The aim of this paper is not to discuss the development of the simulator itself, but to examine the influence of decisions that are made in the first stage: the construction of the domain model. Although we were fortunate that some biological data was available when the PP organogenesis simulation was constructed, key assumptions had to be made that describe the migration of particular cell types into the developing gastrointestinal tract. From these assumptions we developed our platform model, and subsequently our simulation platform, and have published key results that our tool has generated (Patel et al. 2012; Alden et al. 2012). Whereas it is becoming increasingly prevalent to see researchers utilising sensitivity analysis techniques to explore simulation platform parameters where a value is unknown (Read 2011; Marino et al. 2008), it is rare to find an investigation of the effect that necessary biological assumptions have on the simulation response. These may have a critical impact when determining what a simulation result means in terms of the real-world system.

Below we briefly introduce our available PP organogenesis simulation, and discuss two key cell migration assumptions that we have introduced in the domain model. We then state our methodology for exploring the effect these assumptions have on simulation behaviour, and subsequently show results obtained using this strategy. Finally we discuss the impact assumptions may have on conclusions drawn through simulation, and note the importance of making biological assumption decisions available alongside a computational prediction tool.

2 PP organogenesis simulation

As noted above, full descriptions of our domain, platform, simulation platform, and results models are available elsewhere (Alden et al. 2012), yet it is important for the context of this paper that we briefly introduce the concepts behind the simulator here. However the description given below is high-level and avoids the complete biological detail that can be found in our published work.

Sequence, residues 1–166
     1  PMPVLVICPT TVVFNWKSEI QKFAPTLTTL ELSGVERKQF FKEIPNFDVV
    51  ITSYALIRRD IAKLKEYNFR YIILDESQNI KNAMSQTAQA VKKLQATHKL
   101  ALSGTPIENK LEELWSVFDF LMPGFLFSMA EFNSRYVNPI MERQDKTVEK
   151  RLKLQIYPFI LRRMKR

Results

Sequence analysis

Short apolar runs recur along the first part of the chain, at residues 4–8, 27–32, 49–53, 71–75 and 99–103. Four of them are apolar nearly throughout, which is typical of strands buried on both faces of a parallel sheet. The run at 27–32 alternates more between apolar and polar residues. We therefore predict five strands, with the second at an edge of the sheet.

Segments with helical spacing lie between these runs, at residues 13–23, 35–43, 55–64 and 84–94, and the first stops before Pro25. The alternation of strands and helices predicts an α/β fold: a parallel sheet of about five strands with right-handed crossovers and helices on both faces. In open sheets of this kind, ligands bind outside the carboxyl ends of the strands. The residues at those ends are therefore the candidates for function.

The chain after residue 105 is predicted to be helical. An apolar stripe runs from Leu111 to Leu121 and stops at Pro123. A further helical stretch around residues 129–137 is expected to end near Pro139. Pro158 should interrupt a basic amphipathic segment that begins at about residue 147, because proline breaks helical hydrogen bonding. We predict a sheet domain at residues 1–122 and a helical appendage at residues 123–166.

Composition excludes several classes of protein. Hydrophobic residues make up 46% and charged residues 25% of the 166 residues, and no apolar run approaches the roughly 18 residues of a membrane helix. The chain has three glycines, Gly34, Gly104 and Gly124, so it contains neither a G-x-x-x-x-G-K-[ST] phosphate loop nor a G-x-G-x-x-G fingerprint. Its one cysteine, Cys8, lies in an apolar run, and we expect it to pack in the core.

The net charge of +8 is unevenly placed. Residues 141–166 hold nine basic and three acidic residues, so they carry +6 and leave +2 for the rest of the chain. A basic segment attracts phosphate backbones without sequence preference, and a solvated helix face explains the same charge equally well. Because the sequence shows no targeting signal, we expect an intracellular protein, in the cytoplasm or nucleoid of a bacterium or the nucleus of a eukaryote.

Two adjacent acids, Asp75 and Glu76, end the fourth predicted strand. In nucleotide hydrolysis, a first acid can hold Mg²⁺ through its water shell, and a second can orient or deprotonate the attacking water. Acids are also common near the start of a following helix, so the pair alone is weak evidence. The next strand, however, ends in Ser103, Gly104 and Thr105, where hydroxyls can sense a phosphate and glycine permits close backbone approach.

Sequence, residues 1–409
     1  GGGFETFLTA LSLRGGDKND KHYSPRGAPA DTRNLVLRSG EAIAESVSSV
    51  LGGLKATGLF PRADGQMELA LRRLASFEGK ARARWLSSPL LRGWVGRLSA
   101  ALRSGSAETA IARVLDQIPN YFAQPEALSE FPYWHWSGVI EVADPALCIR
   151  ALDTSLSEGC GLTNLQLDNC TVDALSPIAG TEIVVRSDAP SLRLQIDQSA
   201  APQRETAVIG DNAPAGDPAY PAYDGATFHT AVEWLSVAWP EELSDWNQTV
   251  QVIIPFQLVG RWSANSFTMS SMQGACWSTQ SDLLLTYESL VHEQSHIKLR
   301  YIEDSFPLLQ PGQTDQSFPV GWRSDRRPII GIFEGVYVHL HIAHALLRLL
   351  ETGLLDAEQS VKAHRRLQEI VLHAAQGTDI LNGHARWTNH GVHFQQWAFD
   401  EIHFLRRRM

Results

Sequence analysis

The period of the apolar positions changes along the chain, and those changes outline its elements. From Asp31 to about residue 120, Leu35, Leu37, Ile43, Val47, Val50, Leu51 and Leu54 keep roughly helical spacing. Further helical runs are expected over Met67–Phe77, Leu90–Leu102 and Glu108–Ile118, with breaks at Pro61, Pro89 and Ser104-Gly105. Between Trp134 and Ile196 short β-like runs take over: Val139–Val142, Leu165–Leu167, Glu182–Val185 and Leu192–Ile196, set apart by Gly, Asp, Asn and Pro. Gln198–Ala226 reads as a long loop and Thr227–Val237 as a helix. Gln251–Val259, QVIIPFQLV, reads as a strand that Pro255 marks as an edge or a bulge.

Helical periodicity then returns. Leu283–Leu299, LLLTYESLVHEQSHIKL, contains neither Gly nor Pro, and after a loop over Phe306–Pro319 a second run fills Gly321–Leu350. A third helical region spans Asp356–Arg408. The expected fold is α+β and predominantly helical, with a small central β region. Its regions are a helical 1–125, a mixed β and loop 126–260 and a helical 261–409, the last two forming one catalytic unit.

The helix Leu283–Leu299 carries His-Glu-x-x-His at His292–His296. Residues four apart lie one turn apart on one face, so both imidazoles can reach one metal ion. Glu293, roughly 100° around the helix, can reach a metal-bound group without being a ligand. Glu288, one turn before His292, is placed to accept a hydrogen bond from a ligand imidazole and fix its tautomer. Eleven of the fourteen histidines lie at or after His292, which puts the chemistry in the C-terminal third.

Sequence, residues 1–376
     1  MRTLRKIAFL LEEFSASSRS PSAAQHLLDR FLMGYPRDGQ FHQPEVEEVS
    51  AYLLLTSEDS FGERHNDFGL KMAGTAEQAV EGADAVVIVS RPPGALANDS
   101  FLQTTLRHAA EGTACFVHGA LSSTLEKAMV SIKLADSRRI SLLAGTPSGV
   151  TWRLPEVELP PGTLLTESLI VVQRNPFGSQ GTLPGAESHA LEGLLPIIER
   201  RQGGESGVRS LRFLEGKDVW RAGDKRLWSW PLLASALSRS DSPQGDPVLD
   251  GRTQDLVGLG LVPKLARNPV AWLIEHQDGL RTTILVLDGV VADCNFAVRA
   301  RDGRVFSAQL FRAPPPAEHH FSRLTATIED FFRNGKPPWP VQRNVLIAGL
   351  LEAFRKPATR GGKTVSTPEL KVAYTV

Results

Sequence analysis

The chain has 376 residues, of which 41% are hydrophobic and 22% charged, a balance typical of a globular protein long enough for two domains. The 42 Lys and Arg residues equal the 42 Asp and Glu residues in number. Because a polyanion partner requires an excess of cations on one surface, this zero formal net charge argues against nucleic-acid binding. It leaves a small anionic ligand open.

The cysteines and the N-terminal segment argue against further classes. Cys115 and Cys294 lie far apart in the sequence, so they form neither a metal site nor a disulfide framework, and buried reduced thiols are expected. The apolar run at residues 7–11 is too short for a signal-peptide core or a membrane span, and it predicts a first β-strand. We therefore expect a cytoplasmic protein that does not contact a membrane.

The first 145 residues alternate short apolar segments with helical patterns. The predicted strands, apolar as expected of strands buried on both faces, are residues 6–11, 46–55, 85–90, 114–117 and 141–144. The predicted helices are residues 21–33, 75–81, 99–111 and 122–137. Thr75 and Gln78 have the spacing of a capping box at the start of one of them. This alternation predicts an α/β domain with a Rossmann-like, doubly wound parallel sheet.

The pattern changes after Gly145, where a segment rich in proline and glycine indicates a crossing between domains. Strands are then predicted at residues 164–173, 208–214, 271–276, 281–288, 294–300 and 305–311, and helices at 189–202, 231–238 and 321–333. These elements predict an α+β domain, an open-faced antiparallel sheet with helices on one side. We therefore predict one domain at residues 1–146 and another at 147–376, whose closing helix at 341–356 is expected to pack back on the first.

Figure 1 details the biological phenomenon observed in the development of PP in pre-natal mice, along with current hypotheses for the cause of each observation. Three cell types can be identified from the figure: LTin, or lymphoid tissue initiator cell; LTi, or lymphoid tissue inducer cell; and LTo, or lymphoid tissue organiser cell. Migration of LTin and LTi cells into the developing gut can be detected from embryonic day 14.5 (E14.5) (Mebius et al. 2001). Experimental data suggests that LTin cells follow a random walk motion (Veiga-Fernandes et al. 2007) until contact is made with LTo cells residing on the epithelium surface. Contact causes LTo cell differentiation, and the production of factors that promote adhesion of Ltin/LTi cells in the vicinity of the LTo cell (Yoshida et al. 2001). Upon LTi cell contact with a differentiated LTo cell, further adhesion factors are produced, as well as chemoattractants that affect the migration of LTi cells in the vicinity, attracting LTi cells to this growing aggregation of cells (Cupedo et al. 2004; Luther et al. 2003). Cell aggregation continues for a 72-hour period, after which no further cell aggregation is observed (Randall et al. 2008).
Fig. 1